How many times have you said to your friends “you really just need to see it in person to truly appreciate it”? I’ve made that argument about museums, cars, and a neighbor’s hot wife.
It is an argument that I have heard for Trivium, but I don’t think that it is necessary. First of all, seeing Trivium play live is a very worthwhile experience. Their stage presence is second to none. Matt Heafy’s command of the crowd is superb, but that presence is not lost in the recordings.
You can hear and feel the energy that Trivium brings on Silence in the Snow. The music is very heavy, but it is very clean. There is a technicality to Trivium’s brand of rock n roll that appeals to the guitar magazine reading music geek while also being inviting to the casual metal fan. You do not have to understand the complexity of their abilities to admire their musicianship.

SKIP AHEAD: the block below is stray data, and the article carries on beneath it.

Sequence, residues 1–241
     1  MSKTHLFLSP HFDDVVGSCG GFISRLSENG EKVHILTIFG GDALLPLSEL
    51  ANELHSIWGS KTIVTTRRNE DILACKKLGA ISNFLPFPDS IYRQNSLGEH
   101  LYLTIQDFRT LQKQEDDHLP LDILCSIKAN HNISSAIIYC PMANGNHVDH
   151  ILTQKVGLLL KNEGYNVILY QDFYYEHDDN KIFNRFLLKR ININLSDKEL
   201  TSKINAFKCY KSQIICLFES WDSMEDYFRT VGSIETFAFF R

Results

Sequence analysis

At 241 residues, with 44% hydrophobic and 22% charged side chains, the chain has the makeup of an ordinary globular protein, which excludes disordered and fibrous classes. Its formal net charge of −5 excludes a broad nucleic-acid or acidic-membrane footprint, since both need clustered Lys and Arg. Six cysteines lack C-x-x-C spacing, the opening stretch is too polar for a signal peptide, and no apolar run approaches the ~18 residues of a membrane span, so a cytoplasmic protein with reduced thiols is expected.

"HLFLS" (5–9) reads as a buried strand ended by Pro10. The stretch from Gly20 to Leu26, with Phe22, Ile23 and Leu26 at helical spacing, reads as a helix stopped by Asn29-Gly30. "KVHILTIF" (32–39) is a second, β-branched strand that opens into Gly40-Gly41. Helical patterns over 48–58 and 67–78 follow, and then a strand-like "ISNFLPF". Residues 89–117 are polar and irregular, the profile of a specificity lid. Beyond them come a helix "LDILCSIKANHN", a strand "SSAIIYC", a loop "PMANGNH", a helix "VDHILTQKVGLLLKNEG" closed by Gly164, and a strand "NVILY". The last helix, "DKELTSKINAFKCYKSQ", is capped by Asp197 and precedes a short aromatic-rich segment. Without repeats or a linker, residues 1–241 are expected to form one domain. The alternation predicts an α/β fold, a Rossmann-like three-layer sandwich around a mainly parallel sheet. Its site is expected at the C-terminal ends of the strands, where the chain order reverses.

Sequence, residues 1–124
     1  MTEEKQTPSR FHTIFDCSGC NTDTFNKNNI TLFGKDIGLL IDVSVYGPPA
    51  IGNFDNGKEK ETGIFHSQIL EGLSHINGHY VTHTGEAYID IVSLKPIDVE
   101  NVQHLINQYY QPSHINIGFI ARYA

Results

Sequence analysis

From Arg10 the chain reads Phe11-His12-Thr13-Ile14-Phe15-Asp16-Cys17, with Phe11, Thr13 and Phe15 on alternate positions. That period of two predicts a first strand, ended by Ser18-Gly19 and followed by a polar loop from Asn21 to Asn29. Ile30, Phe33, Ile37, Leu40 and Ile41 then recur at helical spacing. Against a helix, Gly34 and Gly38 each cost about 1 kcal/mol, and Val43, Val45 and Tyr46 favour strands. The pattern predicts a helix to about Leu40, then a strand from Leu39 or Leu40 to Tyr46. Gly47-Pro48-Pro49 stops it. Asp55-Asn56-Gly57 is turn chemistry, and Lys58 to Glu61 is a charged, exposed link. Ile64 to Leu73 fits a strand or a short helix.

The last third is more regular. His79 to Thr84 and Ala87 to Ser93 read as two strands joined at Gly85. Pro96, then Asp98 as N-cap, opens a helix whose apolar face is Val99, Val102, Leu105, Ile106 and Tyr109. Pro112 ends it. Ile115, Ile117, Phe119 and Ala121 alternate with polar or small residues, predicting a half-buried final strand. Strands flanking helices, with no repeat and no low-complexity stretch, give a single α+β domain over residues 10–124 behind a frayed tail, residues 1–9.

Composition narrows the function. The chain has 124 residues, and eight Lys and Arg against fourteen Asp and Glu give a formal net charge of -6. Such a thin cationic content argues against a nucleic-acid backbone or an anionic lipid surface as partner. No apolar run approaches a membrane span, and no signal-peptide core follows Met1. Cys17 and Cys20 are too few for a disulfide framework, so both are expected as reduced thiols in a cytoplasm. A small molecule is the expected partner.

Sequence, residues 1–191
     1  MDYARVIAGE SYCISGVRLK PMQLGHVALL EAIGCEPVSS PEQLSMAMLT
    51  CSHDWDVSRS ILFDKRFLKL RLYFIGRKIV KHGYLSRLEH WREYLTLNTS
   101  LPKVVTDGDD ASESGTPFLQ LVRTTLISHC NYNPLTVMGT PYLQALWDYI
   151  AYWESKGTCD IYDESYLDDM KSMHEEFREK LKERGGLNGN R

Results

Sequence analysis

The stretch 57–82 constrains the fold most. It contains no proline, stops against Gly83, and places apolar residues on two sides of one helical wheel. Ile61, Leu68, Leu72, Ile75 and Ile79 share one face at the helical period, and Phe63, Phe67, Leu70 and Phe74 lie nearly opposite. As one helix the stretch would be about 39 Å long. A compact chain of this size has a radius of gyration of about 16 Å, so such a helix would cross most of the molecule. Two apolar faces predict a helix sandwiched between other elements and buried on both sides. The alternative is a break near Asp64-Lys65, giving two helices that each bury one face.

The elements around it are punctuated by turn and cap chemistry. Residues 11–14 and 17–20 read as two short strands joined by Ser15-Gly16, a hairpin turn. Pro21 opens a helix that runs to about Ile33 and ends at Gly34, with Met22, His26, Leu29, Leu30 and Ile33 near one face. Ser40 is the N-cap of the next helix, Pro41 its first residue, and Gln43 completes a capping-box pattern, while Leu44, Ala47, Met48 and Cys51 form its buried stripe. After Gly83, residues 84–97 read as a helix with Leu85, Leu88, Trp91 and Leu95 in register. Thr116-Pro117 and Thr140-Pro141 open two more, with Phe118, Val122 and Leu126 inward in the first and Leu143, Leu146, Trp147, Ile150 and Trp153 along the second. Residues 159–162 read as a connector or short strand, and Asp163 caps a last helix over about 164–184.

There is a Rush-ness to this album that is hard to put my finger on. It is almost as if Rush continued to evolve into heavier and heavier music while holding on to their perfect technical timing. The overly theatrical intro that blends seamlessly into the music pushes the Rush-ness over the top.
My favorite track: Breathe in the Flames
Machine gun double bass, a killer guitar solo, and sing a long lyrics.